Hyperopia is a common optical defect, characterized by the existence of a too short look. The image formed on the retina by a farsighted eye at rest is blurred, because from the observed target light rays converge in a plane located behind the retina. If the distance between the cornea and the retina is too short compared to the focus distance of the cornea-crystalline couple, Visual symptoms of hyperopia are variable and depend on the age of the farsighted subject, on its degree of farsightedness, and the existence of an associated with presbyopia. In all case, the farsighted sees even more unclear that the objects he sees are close together.
Distance vision (10 meters and in the past) is sometimes preserved, and some hypermetropes are happy with their long-range vision, while objects located a few meters, as in an office room, seem more or less blurred.
On the optical plan hyperopia is mainly related to a insufficient axial length of the eye, which is that the image of a distant object is de-focused spontaneously behind the retina. The image projected in the plan of the retina is blurred.
Hyperopia is corrected by lenses of glasses or convex lenses: these features make rays converge retinal plan. The degree of farsightedness in diopter (ex: + 2 D) corresponds to the power of the glass required to refocus the image on the retina.
In some case, much rarer, hyperopia is mainly related to corneal power (vergence) insufficient. The cornea is not curved enough, not quite fast after refraction by the corneal diopter incident rays converge.
Signs associated with hyperopia
There are two types of hyperopia: farsightedness low and moderatewhich is often well tolerated (hyperopia latent) and does not require the patient to correct permanently (at least until the installation of presbyopia to 40 years), and hyperopia strongwhich requires a fixed permanent, generally appears in early childhood, and is often associated with disorders of binocular vision (strabismus) or amblyopia. The border between these two types of hyperopia is located around 2 to 3 dioptres.
If hyperopia is moderate, theaccommodation (normally reserved for near vision) may be jeopardized in order to re - focus the image of the object away on the retina. Distance vision is corrected, but at the cost of an effort signals more or less permanent. However, this effort is well tolerated in young subjects (see the) page dedicated to the hyperopia and presbyopia). Vision away from the weak hypermetropia is paradoxically excellent, because a focus on the retina is perfect and can be adjusted to an optimal perception ("principle of the" auto focus"). The moderate hypermetropia more often judge their far excellent vision, especially for 'very remote' targets: road signs, etc. The notion of 'distance' differ substantially among the farsighted with respect to the short-sighted; a farsighted considers remote targets tens of meters, while for the myopic, an array of Visual acuity 5 meters is part of the domain of the distant.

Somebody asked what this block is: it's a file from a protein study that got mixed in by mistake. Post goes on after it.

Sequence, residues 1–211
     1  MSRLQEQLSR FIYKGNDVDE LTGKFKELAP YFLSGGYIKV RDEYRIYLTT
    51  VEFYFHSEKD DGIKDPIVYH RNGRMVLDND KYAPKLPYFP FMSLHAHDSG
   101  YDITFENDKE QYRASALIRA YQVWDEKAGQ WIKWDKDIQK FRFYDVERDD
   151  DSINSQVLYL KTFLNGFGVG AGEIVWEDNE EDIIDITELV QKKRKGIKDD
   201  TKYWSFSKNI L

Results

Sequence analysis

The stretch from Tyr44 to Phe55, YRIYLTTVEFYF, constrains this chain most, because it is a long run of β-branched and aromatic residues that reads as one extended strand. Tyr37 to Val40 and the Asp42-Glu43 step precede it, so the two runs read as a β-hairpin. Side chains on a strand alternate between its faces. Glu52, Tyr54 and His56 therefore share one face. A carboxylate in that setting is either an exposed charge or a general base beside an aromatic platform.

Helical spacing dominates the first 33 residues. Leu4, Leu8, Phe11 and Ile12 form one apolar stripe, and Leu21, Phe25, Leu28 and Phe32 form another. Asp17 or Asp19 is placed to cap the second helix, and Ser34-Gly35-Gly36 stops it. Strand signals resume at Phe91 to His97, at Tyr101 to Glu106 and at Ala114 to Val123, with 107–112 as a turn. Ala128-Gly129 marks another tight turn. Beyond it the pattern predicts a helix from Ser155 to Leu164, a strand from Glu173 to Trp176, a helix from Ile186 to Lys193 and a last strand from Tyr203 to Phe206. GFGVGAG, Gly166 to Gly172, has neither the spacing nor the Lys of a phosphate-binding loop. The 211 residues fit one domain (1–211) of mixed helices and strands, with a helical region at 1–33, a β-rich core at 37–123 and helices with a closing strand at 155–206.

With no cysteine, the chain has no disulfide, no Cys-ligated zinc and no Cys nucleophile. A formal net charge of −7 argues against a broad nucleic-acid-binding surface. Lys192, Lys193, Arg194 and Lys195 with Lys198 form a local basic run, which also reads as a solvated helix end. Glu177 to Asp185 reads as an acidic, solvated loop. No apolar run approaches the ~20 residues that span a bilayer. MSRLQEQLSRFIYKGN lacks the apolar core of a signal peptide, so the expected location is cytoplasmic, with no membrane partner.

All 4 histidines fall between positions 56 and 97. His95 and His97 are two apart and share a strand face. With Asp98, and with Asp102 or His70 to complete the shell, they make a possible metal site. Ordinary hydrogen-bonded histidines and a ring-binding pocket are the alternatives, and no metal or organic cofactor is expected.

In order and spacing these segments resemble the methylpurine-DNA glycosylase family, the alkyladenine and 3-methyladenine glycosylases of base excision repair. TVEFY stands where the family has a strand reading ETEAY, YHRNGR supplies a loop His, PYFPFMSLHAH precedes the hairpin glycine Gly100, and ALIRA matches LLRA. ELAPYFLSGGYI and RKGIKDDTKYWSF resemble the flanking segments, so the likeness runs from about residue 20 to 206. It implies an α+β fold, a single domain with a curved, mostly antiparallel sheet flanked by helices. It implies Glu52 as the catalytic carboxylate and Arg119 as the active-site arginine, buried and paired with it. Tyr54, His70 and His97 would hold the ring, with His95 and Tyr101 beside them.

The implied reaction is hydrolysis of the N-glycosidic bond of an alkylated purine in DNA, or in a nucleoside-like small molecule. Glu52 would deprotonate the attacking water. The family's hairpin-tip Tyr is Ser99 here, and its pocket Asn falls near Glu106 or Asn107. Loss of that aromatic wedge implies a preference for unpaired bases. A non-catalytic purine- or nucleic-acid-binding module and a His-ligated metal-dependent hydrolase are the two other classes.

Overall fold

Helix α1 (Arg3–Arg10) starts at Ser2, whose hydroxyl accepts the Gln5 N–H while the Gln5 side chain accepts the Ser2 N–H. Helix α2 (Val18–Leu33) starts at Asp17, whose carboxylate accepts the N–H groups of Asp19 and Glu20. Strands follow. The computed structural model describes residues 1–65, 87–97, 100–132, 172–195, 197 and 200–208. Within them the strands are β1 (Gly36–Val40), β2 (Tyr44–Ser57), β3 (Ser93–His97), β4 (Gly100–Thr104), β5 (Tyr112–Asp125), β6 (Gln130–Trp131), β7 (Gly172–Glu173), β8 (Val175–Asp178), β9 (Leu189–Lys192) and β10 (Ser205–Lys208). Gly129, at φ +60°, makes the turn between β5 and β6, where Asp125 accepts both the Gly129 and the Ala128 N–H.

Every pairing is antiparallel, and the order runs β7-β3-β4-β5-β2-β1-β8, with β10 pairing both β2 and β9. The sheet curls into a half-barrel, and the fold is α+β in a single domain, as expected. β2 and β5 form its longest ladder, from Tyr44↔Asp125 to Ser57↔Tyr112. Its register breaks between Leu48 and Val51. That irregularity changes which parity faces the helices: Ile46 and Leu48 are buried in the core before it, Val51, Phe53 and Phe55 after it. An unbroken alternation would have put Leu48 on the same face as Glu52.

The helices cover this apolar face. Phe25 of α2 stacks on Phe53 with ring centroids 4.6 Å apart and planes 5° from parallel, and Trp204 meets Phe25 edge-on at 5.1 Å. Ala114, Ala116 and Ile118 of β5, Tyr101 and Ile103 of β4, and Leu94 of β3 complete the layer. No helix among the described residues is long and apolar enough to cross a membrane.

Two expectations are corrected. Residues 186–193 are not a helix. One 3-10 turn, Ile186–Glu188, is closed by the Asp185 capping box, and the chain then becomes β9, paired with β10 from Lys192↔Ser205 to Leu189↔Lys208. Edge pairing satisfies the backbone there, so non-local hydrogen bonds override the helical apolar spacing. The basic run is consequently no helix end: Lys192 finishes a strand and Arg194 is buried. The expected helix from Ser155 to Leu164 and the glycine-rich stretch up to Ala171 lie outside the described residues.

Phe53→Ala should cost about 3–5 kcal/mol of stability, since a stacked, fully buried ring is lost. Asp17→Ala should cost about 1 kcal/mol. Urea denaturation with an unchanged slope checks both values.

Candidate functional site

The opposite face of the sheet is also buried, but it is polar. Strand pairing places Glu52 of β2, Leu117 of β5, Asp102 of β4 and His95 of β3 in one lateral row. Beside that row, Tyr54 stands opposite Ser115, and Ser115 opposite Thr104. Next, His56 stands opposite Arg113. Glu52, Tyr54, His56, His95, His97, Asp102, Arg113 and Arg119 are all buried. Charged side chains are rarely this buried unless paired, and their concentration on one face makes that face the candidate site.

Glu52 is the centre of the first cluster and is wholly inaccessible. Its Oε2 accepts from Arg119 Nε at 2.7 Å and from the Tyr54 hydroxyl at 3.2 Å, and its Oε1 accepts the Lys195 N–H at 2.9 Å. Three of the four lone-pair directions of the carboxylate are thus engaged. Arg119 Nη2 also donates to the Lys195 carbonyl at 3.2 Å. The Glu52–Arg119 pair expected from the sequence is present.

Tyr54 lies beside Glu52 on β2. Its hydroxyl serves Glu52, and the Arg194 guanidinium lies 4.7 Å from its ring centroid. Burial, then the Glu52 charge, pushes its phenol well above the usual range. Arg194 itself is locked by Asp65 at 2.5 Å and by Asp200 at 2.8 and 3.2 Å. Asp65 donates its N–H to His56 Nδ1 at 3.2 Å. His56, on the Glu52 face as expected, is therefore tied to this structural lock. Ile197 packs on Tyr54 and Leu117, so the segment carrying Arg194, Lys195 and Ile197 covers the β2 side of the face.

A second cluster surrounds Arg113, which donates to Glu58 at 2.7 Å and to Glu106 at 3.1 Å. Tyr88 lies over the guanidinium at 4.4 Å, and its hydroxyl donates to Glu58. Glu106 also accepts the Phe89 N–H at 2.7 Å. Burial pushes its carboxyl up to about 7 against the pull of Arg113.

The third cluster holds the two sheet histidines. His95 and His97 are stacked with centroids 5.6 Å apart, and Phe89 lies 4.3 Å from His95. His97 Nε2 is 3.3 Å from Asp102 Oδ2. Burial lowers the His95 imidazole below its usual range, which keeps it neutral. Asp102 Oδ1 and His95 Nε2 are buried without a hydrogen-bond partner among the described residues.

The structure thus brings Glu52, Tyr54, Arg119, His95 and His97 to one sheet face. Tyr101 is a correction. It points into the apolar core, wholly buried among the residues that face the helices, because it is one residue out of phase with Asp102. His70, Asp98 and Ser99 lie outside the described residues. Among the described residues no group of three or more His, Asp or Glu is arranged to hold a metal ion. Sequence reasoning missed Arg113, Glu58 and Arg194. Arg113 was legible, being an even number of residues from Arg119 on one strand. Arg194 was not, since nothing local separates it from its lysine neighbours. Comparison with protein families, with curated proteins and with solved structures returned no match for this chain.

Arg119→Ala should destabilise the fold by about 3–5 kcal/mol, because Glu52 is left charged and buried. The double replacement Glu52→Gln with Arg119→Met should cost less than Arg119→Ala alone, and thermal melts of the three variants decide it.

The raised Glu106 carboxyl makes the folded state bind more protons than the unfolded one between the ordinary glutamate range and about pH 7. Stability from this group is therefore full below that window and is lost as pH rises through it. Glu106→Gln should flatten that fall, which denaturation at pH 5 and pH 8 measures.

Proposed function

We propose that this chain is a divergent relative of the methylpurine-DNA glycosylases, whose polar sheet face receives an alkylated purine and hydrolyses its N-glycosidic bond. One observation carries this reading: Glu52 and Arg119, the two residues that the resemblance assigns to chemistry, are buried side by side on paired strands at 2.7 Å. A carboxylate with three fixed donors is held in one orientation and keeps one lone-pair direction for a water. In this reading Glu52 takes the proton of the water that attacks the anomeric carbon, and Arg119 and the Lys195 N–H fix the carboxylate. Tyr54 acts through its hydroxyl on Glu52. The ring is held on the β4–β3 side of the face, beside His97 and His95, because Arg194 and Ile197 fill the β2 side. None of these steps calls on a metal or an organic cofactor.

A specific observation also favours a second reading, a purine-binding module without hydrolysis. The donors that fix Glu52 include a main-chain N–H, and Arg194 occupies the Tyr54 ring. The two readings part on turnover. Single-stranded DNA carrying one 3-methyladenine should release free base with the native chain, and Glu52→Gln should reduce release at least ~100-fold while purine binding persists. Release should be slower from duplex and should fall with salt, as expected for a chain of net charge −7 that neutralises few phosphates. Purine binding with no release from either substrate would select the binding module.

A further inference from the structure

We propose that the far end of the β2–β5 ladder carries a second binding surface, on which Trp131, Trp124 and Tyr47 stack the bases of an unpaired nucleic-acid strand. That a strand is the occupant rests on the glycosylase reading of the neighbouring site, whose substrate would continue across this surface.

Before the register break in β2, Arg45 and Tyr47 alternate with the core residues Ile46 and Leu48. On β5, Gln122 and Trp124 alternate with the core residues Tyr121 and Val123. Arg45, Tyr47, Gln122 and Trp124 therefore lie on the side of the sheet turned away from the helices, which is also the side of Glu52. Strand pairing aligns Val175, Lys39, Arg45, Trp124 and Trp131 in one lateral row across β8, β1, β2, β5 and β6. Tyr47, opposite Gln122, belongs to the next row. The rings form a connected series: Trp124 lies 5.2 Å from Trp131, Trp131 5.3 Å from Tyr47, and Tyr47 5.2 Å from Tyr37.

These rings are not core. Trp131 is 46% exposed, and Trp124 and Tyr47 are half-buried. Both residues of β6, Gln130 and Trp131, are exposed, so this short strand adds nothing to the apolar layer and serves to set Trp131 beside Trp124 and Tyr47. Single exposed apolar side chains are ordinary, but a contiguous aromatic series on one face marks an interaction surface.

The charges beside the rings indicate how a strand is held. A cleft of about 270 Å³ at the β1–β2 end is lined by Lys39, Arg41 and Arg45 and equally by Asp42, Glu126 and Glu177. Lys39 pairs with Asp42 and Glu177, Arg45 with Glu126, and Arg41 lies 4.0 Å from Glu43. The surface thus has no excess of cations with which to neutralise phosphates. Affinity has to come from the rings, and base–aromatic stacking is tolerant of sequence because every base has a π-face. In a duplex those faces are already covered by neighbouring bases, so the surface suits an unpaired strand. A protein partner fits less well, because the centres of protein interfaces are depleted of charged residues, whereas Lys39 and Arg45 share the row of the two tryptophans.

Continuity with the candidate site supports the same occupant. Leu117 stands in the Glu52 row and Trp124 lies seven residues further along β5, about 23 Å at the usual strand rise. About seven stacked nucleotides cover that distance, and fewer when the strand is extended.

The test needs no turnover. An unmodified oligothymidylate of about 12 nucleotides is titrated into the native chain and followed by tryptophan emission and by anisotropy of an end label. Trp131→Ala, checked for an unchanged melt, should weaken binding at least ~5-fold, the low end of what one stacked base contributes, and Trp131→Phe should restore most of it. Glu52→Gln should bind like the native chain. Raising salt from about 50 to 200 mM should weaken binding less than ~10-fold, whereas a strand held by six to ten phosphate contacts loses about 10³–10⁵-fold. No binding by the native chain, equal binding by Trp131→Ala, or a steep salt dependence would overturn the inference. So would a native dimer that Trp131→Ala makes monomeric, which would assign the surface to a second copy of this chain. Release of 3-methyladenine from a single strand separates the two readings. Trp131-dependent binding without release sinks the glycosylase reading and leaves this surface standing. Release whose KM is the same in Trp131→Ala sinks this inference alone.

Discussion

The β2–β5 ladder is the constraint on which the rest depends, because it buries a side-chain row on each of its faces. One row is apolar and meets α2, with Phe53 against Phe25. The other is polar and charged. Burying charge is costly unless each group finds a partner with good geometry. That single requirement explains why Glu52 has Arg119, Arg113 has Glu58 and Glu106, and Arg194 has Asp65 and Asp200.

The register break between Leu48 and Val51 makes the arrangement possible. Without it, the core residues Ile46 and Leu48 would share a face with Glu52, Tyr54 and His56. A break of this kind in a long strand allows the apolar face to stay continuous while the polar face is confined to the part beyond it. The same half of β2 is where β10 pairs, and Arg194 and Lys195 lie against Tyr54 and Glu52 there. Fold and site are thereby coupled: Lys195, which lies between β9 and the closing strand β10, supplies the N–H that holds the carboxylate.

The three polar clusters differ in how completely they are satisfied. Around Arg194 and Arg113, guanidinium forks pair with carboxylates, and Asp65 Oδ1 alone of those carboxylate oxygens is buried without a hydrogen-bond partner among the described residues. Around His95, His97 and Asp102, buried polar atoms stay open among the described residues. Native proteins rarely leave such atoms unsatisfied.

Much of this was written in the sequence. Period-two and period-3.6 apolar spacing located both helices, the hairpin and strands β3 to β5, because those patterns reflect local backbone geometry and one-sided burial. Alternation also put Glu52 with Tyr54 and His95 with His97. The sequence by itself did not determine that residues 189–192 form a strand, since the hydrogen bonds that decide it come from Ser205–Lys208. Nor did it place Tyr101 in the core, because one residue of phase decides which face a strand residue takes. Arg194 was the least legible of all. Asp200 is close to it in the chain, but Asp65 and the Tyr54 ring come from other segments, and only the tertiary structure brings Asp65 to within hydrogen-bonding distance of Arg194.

If the vision of "far away" is good, to be clear, near vision requires farsighted patients an extra effort which can, especially if it is extended (reading, nearly painstaking work, ect.), induce a various symptoms "Visual fatigue": light-sensitive and easily irritated eyes, headache, vision is blurring by intermittent, intermittent eye redness, ect.
The "moderate" hypermetropes have often received in childhood or adolescence of a so-called eyeglass prescription "to rest", they wore for homework or watch TV. A large proportion of the moderate hypermetropies unnoticed and not to unmask that around the age of presbyopia.
Thus, moderate hyperopia is often very well tolerated (because of the accommodative compensation), appears relatively late, in is "décompensant" sometimes during installation of presbyopia. The power of the compensatory accommodative effort decreases, allowing more patients to see net far without correction in a comfortable way. Patients, who have never worn glasses, must, to the quarantine, to equip themselves not only for vision closely, but also sometimes for the vision by far. except for undemanding activities and targets very far away (because of the optical defect involved,) and clinical factors as the diameter of the pupil, the moderate hypermetropes see their vision of far relatively satisfactory for distant objects, to several tens of meters, while the measure of their Visual acuity uncorrected 5 metres is less than 10/10.